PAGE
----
9.

Can I Get a Heart Attack Due to Preeclampsia?

A woman with preeclampsia can double the risk of getting a stroke, heart attack, and blood clots within 5 to 15 years after the pregnancy. Therefore, a woman with preeclampsia is expected to get cardiovascular diseases in the future.

10.

Can a Baby Born to a Woman With Preeclampsia Get Autism?

A study found that women diagnosed with preeclampsia or high blood pressure are 35 percent more prone to get a child with autism.

11.

Does the Sex of the Baby Influence Preeclampsia?

Some studies found that women carrying a female fetus are more commonly affected by preeclampsia.

12.

Does Preeclampsia Cause Mental Retardation?

Preeclampsia can cause developmental disorders in infants with an increased risk of getting various diseases in the future. It was reported in a study that it could cause functional deficiency and developmental retardation in rats with preeclampsia.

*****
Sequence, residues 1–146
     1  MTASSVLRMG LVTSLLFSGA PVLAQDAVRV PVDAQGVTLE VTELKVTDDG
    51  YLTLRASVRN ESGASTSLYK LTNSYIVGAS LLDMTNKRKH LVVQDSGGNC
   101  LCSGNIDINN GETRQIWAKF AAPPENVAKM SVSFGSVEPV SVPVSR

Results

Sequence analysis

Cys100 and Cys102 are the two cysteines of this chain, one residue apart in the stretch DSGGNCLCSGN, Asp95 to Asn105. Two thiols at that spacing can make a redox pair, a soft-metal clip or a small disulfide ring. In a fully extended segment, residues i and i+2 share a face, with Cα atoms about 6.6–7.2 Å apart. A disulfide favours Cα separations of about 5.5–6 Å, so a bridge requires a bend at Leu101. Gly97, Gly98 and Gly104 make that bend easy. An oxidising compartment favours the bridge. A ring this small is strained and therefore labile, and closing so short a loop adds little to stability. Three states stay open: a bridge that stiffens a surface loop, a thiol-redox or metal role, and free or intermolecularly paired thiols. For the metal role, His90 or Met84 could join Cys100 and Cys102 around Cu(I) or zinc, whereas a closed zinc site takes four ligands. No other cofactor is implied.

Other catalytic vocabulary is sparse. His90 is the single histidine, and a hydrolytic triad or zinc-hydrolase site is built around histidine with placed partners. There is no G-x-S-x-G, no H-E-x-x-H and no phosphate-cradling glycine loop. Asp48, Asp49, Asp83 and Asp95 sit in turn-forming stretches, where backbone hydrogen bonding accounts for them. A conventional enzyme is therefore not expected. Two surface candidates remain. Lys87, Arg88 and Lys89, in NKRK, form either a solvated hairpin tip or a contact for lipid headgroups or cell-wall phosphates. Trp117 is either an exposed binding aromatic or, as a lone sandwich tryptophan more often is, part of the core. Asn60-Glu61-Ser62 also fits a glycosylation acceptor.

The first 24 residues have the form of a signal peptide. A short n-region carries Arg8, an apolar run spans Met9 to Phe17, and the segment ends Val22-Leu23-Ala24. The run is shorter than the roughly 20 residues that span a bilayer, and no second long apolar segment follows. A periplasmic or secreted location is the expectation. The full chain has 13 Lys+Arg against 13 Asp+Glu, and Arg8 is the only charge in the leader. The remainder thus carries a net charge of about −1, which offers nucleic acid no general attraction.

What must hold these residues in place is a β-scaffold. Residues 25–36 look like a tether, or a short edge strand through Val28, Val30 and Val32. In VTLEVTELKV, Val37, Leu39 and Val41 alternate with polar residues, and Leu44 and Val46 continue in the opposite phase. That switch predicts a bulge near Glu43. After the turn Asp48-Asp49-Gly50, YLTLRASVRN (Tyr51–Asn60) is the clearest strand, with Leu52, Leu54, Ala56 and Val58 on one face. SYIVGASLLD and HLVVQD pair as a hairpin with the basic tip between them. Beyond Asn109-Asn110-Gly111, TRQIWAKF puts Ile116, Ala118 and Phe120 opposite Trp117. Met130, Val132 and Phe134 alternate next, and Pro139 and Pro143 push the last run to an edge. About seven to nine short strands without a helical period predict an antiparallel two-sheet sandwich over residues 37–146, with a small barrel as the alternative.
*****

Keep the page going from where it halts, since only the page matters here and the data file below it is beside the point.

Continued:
13.

What Medications Can Be Used to Treat preeclampsia?

The standard medication given for preeclampsia are Labetalol, IV Hydralazine, oral Nifedipine, and Methyldopa.

14.

How to Prevent Preeclampsia From Getting Worse?

The best and reliable way to prevent you and your baby from preeclampsia is you need to go for regular prenatal check-ups to monitor the blood pressure and other signs of preeclampsia.

15.

How Does Preeclampsia Pain feel?

The typical symptom of preeclampsia is abdominal pain below the ribs, where the liver is located, in the upper-right abdomen, and often in the breastbone called the epigastrium and radiate to the right-hand side of the back.

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Last reviewed at:
03 Feb 2020  -  5 min read